Toxic waste, dangerous chemicals and industrial sludge are all threatening the Miami Valley. It all comes from local factories that once dotted the landscape in the region. Those plants produced everything from refrigerators to radioactive materials.

The area’s industrial history has left officials with a burning question: What to do with the toxic waste

Factories that once brought jobs to the region and fueled the post-war economic growth left behind an unwanted legacy: toxic waste.

Today, it is buried in old industrial sites and landfills that pose potential threats to the massive underground aquifer that provides drinking water to local communities.

While most of those old industrial sites have been cleaned up to an acceptable level, some remain a threat to water quality. Chief among them is the Tremont City Barrel Fill just north of Springfield that took waste from factories throughout the region in the 1970s.

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Alice Daniels lives nearby and worries about waste from the landfill contaminating wells that are the only source of drinking water in the community.

“We like the area,” Daniels said. “But it’s frightening.”

For years the community has pushed for the liquid and solid waste in the landfill to be dealt with before it leaks into the aquifer. Clark County Health Commissioner Charles Patterson said the waste in the landfill is well documented, including pesticides, paint waste, chemical degreasers and cleaning materials, most of it contained in steel barrels buried under 30 feet of dirt.

“The remedy right now is we are going to dig it all up and take any of the liquid waste and remove it off-site. We are going to take out the ‘still-bottoms’ (remnants of purification processes) and then all of the hazardous waste that is solid would go back into a double-lined landfill to make sure it doesn’t leak for a long time into the future,” Patterson said.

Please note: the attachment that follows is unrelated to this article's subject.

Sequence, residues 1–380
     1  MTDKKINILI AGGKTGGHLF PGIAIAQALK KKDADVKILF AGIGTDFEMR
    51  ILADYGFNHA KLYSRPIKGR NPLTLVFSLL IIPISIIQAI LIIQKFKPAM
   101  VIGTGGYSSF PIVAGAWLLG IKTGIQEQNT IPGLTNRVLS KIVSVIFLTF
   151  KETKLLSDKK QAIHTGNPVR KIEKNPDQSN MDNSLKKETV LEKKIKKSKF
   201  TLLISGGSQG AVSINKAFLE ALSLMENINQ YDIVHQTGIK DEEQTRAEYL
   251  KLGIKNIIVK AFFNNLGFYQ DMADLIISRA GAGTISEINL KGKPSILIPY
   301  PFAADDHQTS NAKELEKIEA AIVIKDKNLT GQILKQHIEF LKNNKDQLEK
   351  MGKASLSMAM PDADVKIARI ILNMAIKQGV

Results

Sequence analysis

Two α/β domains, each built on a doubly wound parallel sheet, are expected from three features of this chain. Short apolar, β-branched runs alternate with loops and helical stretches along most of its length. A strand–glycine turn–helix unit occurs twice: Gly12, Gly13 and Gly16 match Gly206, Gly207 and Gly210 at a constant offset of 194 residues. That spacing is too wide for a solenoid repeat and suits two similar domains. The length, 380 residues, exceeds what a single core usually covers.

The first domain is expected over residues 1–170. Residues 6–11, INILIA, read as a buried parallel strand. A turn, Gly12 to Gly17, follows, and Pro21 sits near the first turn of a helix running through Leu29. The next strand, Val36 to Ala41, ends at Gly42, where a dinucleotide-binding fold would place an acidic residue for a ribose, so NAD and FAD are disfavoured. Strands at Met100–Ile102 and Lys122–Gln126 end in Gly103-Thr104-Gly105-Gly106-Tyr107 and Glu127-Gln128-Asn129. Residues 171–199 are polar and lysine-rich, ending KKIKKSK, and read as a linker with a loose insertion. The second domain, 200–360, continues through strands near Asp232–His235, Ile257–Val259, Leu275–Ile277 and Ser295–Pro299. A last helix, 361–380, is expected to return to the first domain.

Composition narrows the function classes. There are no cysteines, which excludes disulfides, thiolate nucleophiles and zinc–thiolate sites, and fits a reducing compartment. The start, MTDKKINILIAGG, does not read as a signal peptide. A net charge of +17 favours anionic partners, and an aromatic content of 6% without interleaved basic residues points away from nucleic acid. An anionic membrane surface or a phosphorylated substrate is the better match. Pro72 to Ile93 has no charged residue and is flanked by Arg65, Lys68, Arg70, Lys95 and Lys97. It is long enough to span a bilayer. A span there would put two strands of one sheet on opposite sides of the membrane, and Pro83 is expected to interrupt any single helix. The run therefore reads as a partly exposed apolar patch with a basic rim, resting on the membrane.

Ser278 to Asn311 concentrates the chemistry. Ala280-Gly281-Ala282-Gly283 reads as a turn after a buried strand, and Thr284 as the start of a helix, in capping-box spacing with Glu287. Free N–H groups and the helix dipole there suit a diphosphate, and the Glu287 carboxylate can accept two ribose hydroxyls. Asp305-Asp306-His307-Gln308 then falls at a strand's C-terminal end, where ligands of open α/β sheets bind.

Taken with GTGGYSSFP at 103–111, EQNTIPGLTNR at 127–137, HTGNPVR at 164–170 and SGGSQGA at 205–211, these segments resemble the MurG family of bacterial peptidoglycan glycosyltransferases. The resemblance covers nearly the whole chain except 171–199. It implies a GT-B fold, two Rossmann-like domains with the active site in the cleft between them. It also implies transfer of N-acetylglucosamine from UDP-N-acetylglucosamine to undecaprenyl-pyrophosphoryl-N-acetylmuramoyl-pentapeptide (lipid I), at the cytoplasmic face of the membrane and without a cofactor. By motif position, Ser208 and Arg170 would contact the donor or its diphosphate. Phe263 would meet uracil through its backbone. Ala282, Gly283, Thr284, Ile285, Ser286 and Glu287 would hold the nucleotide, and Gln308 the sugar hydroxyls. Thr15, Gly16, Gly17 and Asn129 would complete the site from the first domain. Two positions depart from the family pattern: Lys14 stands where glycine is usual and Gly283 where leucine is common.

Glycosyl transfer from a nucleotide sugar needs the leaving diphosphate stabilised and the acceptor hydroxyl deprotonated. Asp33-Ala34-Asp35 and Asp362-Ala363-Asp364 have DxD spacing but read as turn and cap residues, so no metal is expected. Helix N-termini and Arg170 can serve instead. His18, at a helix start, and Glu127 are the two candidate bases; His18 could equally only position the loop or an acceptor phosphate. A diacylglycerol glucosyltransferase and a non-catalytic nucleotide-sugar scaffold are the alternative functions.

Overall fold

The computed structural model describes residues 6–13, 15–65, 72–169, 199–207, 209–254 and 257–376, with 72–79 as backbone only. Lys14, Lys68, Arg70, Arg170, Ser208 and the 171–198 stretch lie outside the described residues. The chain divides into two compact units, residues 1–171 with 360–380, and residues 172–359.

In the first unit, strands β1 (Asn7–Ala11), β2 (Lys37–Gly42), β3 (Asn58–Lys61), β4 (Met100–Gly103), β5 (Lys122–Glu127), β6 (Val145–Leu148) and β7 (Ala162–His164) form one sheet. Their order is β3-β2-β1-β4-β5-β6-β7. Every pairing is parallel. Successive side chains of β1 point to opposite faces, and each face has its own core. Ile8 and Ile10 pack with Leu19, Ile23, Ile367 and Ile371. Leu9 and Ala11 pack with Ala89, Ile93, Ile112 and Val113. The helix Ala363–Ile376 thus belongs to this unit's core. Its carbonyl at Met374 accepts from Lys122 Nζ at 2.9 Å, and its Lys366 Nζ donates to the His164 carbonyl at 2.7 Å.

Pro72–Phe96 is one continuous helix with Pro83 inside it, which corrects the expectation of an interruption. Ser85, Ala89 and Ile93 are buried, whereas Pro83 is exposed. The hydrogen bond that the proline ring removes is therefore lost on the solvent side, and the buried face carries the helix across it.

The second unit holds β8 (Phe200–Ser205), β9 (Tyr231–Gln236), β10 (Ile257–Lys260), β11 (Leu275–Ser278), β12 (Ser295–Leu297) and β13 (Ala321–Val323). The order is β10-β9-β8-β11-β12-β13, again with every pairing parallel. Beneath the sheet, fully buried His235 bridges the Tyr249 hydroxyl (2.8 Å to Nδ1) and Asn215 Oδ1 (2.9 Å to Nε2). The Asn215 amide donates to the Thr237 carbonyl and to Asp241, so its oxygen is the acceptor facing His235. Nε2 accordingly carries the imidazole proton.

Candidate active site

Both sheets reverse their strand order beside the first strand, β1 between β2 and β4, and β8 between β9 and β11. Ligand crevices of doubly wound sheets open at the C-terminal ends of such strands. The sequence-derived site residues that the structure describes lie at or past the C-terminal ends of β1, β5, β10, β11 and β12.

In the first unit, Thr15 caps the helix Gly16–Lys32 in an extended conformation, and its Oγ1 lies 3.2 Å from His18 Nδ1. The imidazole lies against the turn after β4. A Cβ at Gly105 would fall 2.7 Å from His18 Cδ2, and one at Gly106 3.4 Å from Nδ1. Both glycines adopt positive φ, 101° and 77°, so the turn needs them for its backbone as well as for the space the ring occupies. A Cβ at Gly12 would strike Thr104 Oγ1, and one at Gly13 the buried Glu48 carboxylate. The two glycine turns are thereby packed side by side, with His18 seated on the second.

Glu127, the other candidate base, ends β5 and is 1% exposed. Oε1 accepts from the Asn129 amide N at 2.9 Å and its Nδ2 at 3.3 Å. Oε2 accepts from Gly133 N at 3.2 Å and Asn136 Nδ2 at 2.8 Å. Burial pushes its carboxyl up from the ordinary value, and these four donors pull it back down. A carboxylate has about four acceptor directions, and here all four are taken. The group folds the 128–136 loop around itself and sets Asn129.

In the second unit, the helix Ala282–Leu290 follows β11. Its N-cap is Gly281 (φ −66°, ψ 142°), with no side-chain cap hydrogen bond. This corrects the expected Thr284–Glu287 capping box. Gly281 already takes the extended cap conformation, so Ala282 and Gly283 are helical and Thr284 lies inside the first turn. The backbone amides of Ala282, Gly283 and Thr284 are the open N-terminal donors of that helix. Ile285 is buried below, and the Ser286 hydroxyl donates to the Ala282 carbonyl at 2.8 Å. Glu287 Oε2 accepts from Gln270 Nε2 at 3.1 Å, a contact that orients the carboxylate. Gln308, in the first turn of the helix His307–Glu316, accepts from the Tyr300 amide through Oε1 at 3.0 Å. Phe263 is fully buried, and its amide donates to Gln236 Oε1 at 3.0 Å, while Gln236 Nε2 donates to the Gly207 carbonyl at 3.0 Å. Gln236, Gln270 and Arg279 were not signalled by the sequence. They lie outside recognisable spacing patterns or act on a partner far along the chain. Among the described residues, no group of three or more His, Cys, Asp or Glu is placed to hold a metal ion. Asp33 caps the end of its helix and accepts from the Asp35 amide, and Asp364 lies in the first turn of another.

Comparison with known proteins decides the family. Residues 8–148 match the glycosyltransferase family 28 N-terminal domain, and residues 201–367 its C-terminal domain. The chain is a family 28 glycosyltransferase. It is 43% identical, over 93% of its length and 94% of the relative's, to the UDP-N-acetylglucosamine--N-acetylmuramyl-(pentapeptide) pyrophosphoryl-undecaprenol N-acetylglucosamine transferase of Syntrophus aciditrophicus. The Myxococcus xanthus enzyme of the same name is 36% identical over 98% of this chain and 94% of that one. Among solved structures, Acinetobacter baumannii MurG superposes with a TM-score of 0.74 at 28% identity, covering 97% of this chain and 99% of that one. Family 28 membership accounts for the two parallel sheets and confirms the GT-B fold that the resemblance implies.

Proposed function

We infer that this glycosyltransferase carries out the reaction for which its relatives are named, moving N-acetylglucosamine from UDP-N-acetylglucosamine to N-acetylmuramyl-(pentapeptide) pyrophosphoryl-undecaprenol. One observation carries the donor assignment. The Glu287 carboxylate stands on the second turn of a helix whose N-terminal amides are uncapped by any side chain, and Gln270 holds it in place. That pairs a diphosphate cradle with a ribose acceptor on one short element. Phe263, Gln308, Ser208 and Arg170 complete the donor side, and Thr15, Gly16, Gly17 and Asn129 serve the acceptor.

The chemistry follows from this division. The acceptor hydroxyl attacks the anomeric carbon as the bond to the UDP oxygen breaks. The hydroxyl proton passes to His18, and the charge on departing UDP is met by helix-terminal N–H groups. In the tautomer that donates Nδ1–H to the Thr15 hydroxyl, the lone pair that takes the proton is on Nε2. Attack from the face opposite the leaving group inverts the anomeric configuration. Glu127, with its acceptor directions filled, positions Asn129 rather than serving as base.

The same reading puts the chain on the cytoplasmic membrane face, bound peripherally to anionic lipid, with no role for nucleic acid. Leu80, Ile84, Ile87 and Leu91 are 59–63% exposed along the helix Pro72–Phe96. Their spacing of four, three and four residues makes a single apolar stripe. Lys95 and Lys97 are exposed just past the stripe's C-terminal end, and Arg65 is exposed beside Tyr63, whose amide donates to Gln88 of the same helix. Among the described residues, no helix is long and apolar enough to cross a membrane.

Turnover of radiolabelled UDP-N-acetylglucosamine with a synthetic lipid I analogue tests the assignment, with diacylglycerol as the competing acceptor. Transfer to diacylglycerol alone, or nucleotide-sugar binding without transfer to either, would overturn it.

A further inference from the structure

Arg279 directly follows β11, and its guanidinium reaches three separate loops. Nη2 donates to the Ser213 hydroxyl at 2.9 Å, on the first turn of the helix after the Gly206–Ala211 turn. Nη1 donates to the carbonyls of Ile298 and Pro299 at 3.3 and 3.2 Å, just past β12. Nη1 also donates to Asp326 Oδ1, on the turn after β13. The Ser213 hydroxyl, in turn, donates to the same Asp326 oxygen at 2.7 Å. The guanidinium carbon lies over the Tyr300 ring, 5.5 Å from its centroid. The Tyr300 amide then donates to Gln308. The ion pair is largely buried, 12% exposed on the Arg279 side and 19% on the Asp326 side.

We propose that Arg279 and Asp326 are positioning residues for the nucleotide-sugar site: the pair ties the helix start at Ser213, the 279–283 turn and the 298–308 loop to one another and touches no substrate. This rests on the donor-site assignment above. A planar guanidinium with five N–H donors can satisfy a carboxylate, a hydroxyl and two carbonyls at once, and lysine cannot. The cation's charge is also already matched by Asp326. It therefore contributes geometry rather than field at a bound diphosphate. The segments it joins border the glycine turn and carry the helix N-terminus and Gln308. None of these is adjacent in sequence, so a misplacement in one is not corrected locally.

The cleanup plan is being negotiated between the U.S. Environmental Protection Agency and the various companies that buried waste there, which will foot the bill for the estimated $28 million project. Patterson said the cost could change.

“Once you dig it up things may not be exactly as you expect. There could be a lot more bad stuff than they think but it is paid for by the potentially responsible parties. Companies that generated the waste back in the 60s and 70s are through federal law are responsible forever,” Patterson said.

Marilyn Welker, director of the community group “People For Safe Water,” has pushed for the project to get underway as soon as possible and to be done right.

Marilyn Welker, director of the community group “People For Safe Water,” has pushed for the cleanup of the Tremont City Barrel Fill just north of Springfield to get underway as soon as possible and to be done right. BYRON STIRSMAN
Photo: Staff Writer

“Just because we have corporations who will pay for this cleanup and just because it is in the process of moving towards cleanup at this point we have the remedy we cannot let up the pressure and vigilance and accountability to those who will clean it up,” Welker said.

Patterson said corporate responsibility for the waste left behind continues, even though the waste was generated decades ago.

“Those companies, through federal law, are responsible forever for that chemical. We call it ‘cradle to grave,’ but it means they are even responsible once they are in the grave, in this case the barrel fill. They are responsible forever,” he said.

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Where did it all come from?

The waste at the Tremont City Barrel Fill originated at multiple notable companies involved in heavy industry in the region, circa 1970. It included General Motors, International Harvester, Delphi and Proctor and Gamble, which Patterson said did the right thing at the time.

“This was a licensed landfill to do this when they put it in here in the 70’s. All good corporate citizens who have stepped up and will be footing the bill,” Patterson said.

Among the list of contributors to the Tremont City Barrel Fill may be the Mound plant in Miamisburg, which Patterson said likely placed chemical waste there. The Mound is the biggest and most expensive tainted property in Miami Valley history.